June 23, 2013-Curaçao
wingssail images-fredrick roswold
There are a few sunburned and wizened old single handers here, mostly Dutch.
"The bus driver doesn't like us." Dick said.
"Why?" I asked. We were hanging out on his boat, a catamaran with barnacles creeping up the side. He's been here for nine years.
"Because we're Dutch." His buddy Haus nodded.
"I don't get it, doesn't Holland put heaps of money into this country?"
"Yeah, but we were the slave owners 200 years ago." he answered.
So that's the story of Curaçao:
The Dutch built this place, brought in slaves, and now, 200 years later, there is still resentment over that fact.
Understandable, I guess.
The truth is that the Dutch own this island, support it, and in the background, hold it standing upright, but the coloreds simmer.
They always will.
We've been here only a few days, but the underlying tensions are evident. Never mind that, what about from our perspective?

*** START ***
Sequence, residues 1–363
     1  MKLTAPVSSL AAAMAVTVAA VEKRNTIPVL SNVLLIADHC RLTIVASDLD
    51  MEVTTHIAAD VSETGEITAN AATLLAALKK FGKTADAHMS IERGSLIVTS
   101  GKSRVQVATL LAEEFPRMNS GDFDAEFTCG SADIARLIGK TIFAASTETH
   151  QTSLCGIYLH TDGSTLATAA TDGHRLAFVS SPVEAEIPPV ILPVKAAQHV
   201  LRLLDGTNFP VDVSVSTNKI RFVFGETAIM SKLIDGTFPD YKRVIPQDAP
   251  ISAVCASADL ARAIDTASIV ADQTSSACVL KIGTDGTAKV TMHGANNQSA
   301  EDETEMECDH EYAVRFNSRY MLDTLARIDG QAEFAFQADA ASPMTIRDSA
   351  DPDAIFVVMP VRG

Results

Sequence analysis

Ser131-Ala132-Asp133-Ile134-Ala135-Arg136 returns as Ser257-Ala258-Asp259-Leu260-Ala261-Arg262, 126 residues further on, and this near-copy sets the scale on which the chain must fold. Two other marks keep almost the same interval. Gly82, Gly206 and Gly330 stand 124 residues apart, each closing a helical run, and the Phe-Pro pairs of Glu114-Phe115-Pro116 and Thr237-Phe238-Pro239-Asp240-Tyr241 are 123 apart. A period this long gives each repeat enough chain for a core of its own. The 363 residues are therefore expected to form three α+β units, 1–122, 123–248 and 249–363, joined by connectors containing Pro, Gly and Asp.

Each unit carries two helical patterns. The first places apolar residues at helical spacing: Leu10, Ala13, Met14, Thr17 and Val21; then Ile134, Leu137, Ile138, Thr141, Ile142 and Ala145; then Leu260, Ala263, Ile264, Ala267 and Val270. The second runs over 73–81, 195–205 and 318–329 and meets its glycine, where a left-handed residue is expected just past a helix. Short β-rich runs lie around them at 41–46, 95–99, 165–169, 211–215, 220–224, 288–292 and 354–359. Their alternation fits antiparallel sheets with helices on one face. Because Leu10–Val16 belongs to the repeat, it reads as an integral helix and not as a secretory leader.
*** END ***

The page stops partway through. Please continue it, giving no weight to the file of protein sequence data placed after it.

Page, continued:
Well, Curaçao is old, and beautiful. And we love it.
Discovered by the Spanish in 1502, Curaçao had a great harbor, one of the best in the world, still does, and it was a natural hub for shipping trade in the southern Caribbean. The island was occupied by the Dutch in 1634 and the Dutch West India Company made Curaçao a centre for the Atlantic slave trade in 1662. That and piracy flourished here for a few hundred years bringing wealth to Curaçao and Holland. The capitol city of Willemstad, with its attractive Dutch and Latin American architecture, still stands, as does the legacy of Dutch rule over the larger black population.
And that is what Dick was alluding to when we told me that the blacks resent the Dutch.
What we noticed while travelling around Curaçao is that while the Dutch own the place, the blacks and, equally, the Venezuelans, run the place. They give it the feel on the streets and in the shops, and it is they whom you will be dealing with as you travel around the island.
And that part we are OK with. In fact we love the Latin American feel of Curaçao.
We just don't like the sullenness we experience sometimes.
But I guess we can't blame them.
Click here for more photos of Curaçao.
Fred & Judy, SV Wings, Curaçao